Another week and another food safety scandal in China.
This one was about arsenic, but it had all the twists and turns of soap opera.
The debacle began in late November, when Nongfu Spring, a large Chinese beverage maker, received a warning from a municipal agency in Hainan. Officials claimed two of its popular fruit drinks contained health-threatening levels of the toxic chemical arsenic.
Zhong Shanshan, chairman of Nongfu Spring, quickly cried foul, complaining to the local media that the claim was authored by a rival food company.
“Saying our products contain excessive arsenic is purely a mistake,” Zhong told Xinhua. “I believe someone behind the scenes has bribed individuals in the administrative bureau, taken advantage of loopholes in the legal system and spread negative and incorrect information through the media.”
But when confronted by reporters, Wang Jianlu, deputy secretary of the municipal authorities, stood by the results: “Of course we followed all the rules and regulations in the testing process. Otherwise who could bear this responsibility?”
Suddenly faced with the prospect of recalls, Nongfu Spring sent additional samples to the National Food Quality Supervision and Inspection Centre and requested a retest.
The following day Nongfu Spring beverages passed the arsenic test.
Seemingly overnight, the Hainan authorities also stepped back from their original decision. Without additional explanation, the municipal bureau issued a statement admitting that products of Nongfu Spring had been cleared of earlier charges and notifying retailers that the products should not be recalled.
Consumers were at a loss. “I was totally confused about the contrary results released by the Haikou authorities,” housewife Chen Fang told the Shanghai Daily.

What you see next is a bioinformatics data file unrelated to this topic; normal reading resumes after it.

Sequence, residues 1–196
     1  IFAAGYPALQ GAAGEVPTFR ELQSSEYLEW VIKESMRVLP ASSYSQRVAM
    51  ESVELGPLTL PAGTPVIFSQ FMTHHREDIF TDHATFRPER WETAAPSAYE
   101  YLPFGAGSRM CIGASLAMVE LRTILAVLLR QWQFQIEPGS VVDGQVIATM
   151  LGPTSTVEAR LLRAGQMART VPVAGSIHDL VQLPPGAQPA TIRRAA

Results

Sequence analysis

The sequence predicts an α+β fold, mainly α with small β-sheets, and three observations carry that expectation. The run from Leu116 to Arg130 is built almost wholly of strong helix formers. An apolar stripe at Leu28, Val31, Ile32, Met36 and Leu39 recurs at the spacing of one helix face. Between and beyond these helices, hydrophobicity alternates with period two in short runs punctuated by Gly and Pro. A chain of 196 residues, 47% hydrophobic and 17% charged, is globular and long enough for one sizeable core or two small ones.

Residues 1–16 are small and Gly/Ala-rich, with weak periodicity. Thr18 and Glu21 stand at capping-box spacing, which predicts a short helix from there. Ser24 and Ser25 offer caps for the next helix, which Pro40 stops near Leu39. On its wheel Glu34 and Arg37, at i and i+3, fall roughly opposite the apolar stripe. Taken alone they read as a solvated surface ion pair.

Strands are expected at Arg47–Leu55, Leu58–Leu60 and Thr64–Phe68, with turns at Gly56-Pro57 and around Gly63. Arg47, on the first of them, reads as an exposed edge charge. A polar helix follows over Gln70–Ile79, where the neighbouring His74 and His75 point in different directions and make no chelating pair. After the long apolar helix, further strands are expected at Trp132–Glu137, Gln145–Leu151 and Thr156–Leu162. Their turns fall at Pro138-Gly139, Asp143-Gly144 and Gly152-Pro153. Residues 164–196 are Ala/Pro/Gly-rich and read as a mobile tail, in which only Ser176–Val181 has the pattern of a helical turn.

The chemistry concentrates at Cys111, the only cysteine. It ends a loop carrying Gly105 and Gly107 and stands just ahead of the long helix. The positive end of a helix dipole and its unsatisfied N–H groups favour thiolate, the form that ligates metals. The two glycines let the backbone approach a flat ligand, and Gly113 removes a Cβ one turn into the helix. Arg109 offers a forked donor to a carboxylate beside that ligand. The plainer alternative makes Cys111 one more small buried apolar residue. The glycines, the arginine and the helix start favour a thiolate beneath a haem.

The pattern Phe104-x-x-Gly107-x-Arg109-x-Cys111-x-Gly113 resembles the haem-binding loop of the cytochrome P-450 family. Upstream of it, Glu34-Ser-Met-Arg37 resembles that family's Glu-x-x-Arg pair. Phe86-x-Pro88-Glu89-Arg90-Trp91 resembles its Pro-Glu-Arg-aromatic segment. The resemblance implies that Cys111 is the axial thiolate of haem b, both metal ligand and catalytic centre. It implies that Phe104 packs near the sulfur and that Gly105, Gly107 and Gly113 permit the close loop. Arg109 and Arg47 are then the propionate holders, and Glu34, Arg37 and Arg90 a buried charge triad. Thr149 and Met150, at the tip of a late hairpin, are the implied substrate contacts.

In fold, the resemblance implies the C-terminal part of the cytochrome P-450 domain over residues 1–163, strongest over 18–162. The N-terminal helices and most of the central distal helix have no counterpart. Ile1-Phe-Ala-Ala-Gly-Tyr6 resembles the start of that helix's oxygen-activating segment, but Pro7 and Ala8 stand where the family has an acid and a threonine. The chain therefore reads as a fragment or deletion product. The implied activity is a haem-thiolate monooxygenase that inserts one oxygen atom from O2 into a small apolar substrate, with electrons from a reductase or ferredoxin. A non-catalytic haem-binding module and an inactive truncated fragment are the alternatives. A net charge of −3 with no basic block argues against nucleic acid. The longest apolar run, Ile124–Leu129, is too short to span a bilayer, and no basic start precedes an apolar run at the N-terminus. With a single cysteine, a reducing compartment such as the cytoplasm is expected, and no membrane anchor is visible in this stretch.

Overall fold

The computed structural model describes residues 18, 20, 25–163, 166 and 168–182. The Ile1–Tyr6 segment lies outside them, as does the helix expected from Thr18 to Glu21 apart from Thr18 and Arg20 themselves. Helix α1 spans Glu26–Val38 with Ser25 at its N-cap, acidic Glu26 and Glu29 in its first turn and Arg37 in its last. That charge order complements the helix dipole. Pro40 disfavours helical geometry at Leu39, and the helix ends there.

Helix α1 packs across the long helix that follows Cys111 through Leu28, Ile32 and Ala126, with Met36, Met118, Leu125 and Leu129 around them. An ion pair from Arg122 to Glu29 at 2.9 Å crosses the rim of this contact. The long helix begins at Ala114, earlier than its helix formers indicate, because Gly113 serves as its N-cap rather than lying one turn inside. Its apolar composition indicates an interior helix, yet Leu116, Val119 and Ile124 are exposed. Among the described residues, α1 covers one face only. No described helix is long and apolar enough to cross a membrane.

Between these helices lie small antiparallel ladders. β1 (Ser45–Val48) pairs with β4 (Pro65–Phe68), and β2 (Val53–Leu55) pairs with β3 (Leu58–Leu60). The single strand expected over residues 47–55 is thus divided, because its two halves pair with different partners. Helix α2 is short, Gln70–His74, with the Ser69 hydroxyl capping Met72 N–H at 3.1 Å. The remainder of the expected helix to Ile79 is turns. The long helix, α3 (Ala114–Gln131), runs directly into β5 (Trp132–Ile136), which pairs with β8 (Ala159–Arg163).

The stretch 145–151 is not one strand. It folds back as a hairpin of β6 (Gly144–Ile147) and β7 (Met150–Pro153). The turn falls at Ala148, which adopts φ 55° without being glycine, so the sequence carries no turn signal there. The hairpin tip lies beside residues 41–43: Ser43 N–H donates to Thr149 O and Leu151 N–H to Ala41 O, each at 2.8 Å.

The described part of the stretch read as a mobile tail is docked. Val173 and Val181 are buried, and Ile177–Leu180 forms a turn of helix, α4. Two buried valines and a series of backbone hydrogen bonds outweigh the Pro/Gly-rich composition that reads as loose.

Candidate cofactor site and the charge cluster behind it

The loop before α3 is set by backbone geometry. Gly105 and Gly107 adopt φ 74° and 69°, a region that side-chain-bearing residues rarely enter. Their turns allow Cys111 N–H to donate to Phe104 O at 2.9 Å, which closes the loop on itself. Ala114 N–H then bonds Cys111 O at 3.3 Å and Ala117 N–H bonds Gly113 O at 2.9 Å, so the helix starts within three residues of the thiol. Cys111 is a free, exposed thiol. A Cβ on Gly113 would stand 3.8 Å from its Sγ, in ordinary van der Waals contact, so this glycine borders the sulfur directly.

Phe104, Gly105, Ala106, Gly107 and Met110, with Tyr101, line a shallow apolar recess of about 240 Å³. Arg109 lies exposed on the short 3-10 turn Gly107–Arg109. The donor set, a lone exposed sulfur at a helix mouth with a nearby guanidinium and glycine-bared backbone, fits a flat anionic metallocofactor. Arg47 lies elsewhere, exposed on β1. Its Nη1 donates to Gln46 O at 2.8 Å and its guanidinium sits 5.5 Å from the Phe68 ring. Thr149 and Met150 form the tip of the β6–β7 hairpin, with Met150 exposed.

And Chen is not alone. Other consumers are asking why the government can’t seem to come up with an explanation for the contradictory results.
“We are not convinced because we are yet to be told what happened to the first test conducted by the local testing centre, and the core details of the incident have still not been made public,” thundered an editorial in the China Daily.
It is an open secret that quality testers take bribes from food companies in exchange for concealing negative test results from the press, complained CBN Weekly.
“Although the majority of the quality testing systems are standardised, some agencies still find ways to take money from food companies,” agreed an industry insider.
Analysts say threats of punishment for malfeasant officials have had limited effect. Cases such as the Nongfu one can also have a wider impact. “The scandal not only triggered distrust against the companies but also leads to questions on government credibility,” says Zhu Wenqing, a popular blogger.
In a survey conducted by major portal Sina.com, more than 88% of the 149,334 respondents said that the Hainan testing bureau should offer compensation and a public apology. A huge majority also wanted those responsible to be “severely punished or even dismissed”.
This won’t be much comfort to Nongfu. The majority of netizens also said they would not buy the products in question.
So chairman Zhong said his next task is to file a case against the provincial authorities. He claims the company had lost Rmb1 billion due to the scandal.
© ChinTell Ltd. All rights reserved.
Sponsored by HSBC.
The Week in China website and the weekly magazine publications are owned and maintained by ChinTell Limited, Hong Kong. Neither HSBC nor any member of the HSBC group of companies ("HSBC") endorses the contents and/or is involved in selecting, creating or editing the contents of the Week in China website or the Week in China magazine. The views expressed in these publications are solely the views of ChinTell Limited and do not necessarily reflect the views or investment ideas of HSBC. No responsibility will therefore be assumed by HSBC for the contents of these publications or for the errors or omissions therein.